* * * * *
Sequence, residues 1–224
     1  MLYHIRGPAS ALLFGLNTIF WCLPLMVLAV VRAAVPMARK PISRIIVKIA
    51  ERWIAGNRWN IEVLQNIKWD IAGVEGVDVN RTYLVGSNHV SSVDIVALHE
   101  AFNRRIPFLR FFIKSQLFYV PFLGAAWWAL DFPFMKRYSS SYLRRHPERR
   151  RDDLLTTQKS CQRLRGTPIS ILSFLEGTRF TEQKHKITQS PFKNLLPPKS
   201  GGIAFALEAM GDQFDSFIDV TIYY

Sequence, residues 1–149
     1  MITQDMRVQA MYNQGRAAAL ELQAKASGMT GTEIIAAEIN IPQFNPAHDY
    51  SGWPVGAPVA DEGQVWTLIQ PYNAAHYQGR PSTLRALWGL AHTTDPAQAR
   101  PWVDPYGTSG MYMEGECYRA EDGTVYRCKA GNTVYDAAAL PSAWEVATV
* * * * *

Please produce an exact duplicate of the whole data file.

Sequence, residues 1–224
     1  MLYHIRGPAS ALLFGLNTIF WCLPLMVLAV VRAAVPMARK PISRIIVKIA
    51  ERWIAGNRWN IEVLQNIKWD IAGVEGVDVN RTYLVGSNHV SSVDIVALHE
   101  AFNRRIPFLR FFIKSQLFYV PFLGAAWWAL DFPFMKRYSS SYLRRHPERR
   151  RDDLLTTQKS CQRLRGTPIS ILSFLEGTRF TEQKHKITQS PFKNLLPPKS
   201  GGIAFALEAM GDQFDSFIDV TIYY

Sequence, residues 1–149
     1  MITQDMRVQA MYNQGRAAAL ELQAKASGMT GTEIIAAEIN IPQFNPAHDY
    51  SGWPVGAPVA DEGQVWTLIQ PYNAAHYQGR PSTLRALWGL AHTTDPAQAR
   101  PWVDPYGTSG MYMEGECYRA EDGTVYRCKA GNTVYDAAAL PSAWEVATV